esos ojos

esos ojos

In March of 2010, I took my last class for my master’s program. Luckily for me, that last class was also a study abroad trip to Chiapas, Mexico. While we were in Chiapas, we learned about sustainable growth, indigenous rights and the history of Mexico. We met with many groups, toured non-profit organizations and visited some villages. And of course, we ate some great food – moles, tacos, chicken, etc. And we drank some wonderful coffee as there are many coffee farms in Chiapas.!

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One of the villages that most stands out for me during that trip is Nuevo Yibeljoj in Chiapas, Mexico. The town is in the highlands of Chiapas and in 2010 had a population of 595 residents. The town’s inhabitants are Tzeltal or Tzotzil speaking indigenous peoples. Many of the residents have small coffee farms in what can only be described as their backyards. The town belongs to the coffee cooperative Union Majomut. This is the reason I really enjoyed the coffee here. It was straight form the farms to the roaster to my coffee cup.! I promise in Wednesday’s post to speak more about the town, coffee and the coffee cooperative.

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But today, I just want to describe the initial moments of that visit. We arrived at the town and were greeted very warmly. Eventually, our entire group was led to the building where all of the town’s ceremonies are held. There was a ritual performed before we entered and only aduts were allowed inside. The meeting was held in Tzeltal or Tzotzil (not sure), Spanish and English. However, while the meeting was very interesting, what soon caught most of our attention were the little kids from the town peeking through the wooden boards of the building.!!

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I was able to capture what I believe is the best photo of this “peeking” because I was sitting the closest to the children who were outside. It was so precious.! And delightful.! As with all children, they were so curious to see who these strangers were (us – the students) and wanted to watch our every move. Later on, we went to the school and the children sang for us which was also truly amazing and inspiring. I have often wondered which of the children’s eyes I captured that day. But that will continue to remain one of life’s mysteries…..

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An ode to coffee..!!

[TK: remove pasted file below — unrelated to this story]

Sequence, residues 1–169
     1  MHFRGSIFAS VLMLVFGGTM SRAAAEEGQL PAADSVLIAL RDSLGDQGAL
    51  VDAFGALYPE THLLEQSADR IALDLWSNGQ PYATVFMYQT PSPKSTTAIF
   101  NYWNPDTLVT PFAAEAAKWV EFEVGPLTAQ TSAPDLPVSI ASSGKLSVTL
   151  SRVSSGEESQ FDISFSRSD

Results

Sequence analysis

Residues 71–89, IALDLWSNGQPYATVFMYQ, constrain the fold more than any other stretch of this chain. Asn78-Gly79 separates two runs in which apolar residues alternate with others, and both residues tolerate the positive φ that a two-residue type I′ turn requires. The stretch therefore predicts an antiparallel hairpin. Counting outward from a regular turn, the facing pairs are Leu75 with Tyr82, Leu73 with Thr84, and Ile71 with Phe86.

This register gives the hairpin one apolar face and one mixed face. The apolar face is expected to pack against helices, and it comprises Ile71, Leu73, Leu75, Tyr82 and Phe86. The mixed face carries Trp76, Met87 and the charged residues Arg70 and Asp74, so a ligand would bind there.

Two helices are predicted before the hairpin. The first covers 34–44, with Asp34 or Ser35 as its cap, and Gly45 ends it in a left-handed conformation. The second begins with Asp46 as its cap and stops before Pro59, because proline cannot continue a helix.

courtesy of awkwardyeti.com

courtesy of awkwardyeti.com

My love affair with coffee began when I was a little girl. I loved my mother – she was an amazing woman. And of course like most little girls, I wanted to copy her in everything that she did. Which of course included drinking coffee with her! Needless to say as a small child, I should not have been drinking coffee. So my mother doctored up my beverage with lots of warm milk. Then she would throw in bread which would soak up the soggy goodness of the sweet coffee. It was almost as good as eating a dessert..!! And so a tradition…and an addiction…were born.

courtesy of historyspaces.blogspot.com

courtesy of historyspaces.blogspot.com

The world’s tradition and addiction with coffee began, according to myth, with Kaldi. Kaldi was a 9th century goat herder. Apparently, he discovered coffee when he noticed that his goats had extra energy when they nibbled on the red cherries of a particular bush. Kaldi tried the red cherries himself and became energetic as well. His excitement led him to take the cherries to an Islamic holy man in a nearby monastery. However, the holy man disapproved of their use and threw them into a fire. From this fire, an enticing aroma emanated. The roasted cherries (beans) were raked from the embers, ground up, and dissolved in hot water. And the world’s first cup of coffee was born.

courtesy of coffeeworld.com

courtesy of coffeeworld.com

My personal addiction and the world’s collided in the form of Starbucks. I wanted to own my own coffee shop and I thought why not learn from the best. So I went to work for Starbucks Coffee Company where a career and passion were launched. Working there, I became interested in fair trade coffee and the human component involved in the coffee farms around the world. So I went back to school to get my master’s degree. My thesis was on direct trade coffee and fair trade coffee. This dream culminated in a study abroad trip to Chiapas, Mexico where I visited coffee farms and fair trade co-opertives. It was the trip of a lifetime. However, just as wanting to be with my mother led to my love affair with coffee – my passion for coffee led to my love affair with Mexico which led to this blog. So you never know which choices you make will lead you to your next dream…your next love…so drink on…

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fair trade super woman!!

courtesy of treehugger.com

courtesy of treehugger.com

In June 2009, according to treehugger.com, Danish woman under 35 who lived in Copenhagen with a higher education and who worked in a public office were the most dedicated fair trade consumer.  Hence, the photo….

However, I like to consider myself a fair trade super woman! Well, minus the Danish part, the blond part, the under 35 part and I don’t live in Copenhagen… Oh hell, I would just like to consider myself a super woman!!  lol….

But seriously, I worked for a major coffee company for over a decade which is how I become interested in fair trade.  Mainly coffee…  Hence, as I pointed out in my first post here, I went to school for a master’s degree which brought me to Chiapas, Mexico.  That initial visit to coffee farms and fair trade co-operatives is noted in the blog below…  Enjoy..!!

http://sustainablechiapas.blogspot.com/2010/05/why-is-fair-trade-important.html